By ANGELA HABR-PARANJAPE
We are living in a changing world. But are we willing to change with it?
“The sky is falling!” We heard the pre-apocalypse cries. Then the apocalypse came and went and we’re still here, facing the same overwhelming predicaments we had hoped the apocalypse would wipe away: a contracting economy, environmental crises beyond what our species has ever known, nuclear insecurity, community violence and an educational system that ignores it all.
As a parent, I am not one to indulge in apocalyptic fears. I have a family to feed, a kid to raise and hefty student loans to pay. There is no time for fear.
Meanwhile, I look at the world around me and realize that the game has changed, yet we’re still playing by the old rules.
Individualist impulse and infinite growth have long been valued as economic drivers.
Through the first half of the 20th century, our predecessors thought they were doing us a favor. Little did they know. But some time during the second half of the 20th century, the picture became clear and a decision was made as conscious inaction: carry on as before and our accumulating externalities will simply be passed down to future generations whose superior technology and brains will surely fix it.
Guess what, folks … that’s us. Thanks for the confidence, Latter-Century Predecessors. This is gonna be fun.
So what the heck will it take?
We can start with a sober view of things and maturity to match.
This can be hard to grasp. New parents will tell you about the moment they first held their baby, and thrust upon them in its full weight was: “Whoa, you’re my responsibility forever. Now what?”
Only in accepting responsibility — relying on our own “ability to respond” — do we get to the now what. The now what comes as actions.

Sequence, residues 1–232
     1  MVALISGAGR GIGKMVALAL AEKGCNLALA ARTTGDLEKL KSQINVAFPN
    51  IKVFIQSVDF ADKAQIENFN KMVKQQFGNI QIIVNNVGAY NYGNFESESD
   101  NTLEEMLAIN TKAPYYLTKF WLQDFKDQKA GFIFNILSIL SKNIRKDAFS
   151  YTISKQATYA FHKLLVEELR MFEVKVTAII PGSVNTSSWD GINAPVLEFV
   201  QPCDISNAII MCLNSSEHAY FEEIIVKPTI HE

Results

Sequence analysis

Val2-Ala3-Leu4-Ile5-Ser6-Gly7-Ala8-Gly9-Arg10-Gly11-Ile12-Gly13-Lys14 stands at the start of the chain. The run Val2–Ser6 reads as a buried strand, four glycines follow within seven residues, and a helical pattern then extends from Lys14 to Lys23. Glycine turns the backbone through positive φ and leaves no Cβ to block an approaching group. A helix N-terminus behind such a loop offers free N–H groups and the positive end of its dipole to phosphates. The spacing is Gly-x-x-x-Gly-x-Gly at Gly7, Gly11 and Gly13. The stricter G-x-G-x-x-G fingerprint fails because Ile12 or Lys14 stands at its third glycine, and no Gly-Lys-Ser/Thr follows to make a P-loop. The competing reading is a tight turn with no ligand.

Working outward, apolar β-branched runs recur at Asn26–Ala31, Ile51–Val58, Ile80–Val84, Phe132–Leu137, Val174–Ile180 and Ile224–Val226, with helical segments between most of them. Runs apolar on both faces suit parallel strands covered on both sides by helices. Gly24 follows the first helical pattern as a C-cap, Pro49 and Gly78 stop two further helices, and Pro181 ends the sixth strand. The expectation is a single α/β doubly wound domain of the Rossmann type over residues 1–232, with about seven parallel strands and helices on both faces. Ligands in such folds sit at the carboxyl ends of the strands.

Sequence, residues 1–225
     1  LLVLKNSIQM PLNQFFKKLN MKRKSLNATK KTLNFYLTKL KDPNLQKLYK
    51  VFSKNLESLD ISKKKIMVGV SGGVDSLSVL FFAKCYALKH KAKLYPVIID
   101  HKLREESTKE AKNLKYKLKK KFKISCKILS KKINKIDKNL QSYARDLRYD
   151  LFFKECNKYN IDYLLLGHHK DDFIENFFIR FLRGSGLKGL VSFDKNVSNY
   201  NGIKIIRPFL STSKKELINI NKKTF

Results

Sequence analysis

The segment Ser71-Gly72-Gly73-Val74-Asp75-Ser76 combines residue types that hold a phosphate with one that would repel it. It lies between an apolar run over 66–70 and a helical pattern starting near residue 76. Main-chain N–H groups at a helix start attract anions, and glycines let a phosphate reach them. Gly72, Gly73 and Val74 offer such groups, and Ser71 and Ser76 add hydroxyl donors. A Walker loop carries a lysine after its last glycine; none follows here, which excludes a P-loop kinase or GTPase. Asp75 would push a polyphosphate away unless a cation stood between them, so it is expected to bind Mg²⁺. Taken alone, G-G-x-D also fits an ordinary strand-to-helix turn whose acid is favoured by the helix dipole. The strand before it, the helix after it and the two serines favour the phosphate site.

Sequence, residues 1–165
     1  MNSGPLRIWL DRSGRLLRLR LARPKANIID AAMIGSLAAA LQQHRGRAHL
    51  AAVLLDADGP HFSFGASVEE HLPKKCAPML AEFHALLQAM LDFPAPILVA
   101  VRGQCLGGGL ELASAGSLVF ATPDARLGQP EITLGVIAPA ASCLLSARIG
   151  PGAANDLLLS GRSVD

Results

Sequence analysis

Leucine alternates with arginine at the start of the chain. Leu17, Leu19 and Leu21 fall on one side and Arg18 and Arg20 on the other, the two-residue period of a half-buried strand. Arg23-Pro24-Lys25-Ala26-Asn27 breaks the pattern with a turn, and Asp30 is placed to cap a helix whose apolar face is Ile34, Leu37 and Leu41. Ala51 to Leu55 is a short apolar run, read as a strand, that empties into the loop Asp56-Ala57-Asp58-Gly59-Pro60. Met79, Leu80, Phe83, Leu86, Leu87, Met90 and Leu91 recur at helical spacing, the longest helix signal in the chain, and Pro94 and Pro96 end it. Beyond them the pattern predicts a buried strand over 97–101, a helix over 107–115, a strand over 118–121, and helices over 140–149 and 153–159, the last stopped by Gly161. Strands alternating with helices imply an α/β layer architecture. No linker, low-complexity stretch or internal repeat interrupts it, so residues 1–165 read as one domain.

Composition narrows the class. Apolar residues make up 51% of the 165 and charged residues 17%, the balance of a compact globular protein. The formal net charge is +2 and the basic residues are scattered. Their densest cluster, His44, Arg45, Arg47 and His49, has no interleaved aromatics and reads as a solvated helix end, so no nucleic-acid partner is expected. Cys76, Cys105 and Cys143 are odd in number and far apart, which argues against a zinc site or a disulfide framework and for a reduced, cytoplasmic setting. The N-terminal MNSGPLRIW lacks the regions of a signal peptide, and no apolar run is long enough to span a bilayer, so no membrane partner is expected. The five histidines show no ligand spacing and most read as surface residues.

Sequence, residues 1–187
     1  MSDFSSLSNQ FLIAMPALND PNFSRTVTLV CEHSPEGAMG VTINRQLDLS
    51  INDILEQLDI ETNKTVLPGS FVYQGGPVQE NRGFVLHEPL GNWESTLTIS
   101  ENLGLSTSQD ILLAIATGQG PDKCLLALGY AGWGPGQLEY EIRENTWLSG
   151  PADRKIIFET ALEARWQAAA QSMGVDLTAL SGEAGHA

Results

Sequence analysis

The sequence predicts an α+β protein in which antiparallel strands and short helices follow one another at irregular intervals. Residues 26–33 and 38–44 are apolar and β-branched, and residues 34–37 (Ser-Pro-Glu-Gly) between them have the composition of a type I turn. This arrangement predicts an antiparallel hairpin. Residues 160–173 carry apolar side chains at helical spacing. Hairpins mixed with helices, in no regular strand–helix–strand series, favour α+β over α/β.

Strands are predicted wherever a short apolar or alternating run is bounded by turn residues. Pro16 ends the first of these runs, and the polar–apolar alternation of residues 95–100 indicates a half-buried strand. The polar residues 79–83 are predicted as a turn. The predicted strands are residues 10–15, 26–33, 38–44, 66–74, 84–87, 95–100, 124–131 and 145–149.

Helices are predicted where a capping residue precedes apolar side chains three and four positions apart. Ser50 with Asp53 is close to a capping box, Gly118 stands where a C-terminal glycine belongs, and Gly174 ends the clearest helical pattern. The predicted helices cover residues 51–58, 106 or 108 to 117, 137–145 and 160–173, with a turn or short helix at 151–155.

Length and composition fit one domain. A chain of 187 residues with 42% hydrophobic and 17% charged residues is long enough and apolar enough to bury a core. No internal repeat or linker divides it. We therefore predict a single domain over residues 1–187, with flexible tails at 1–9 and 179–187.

But first, the sober view. We do so much harm to others by simply not knowing that what we do causes harm. It’s the whole ignorance-is-bliss cliché, like the early 20th century folks. As we examine our lives, our words and actions, our diets and other consumer choices and all of their externalities and excesses, we begin to see our individual effects on everybody else. Here we have the power to make conscious choices toward non-harm. This is a step in the right direction.
Of course, we aren’t all going to solve every worldly problem, but if we get ourselves out of the way, we have already begun to make an impact. In Anne Ryan’s book “Enough is Plenty,” she writes, “If we apply ‘enough’ to our health, finances and personal energy, we automatically restrict the kinds of damage we might be unwittingly doing in the wider world.”
Awareness, consideration, creativity and participation are essential to move us forward together. The bigwigs in business and politics have not, will not — in fact, cannot — get the job done without us.
The world is changing. Let’s make it for the better.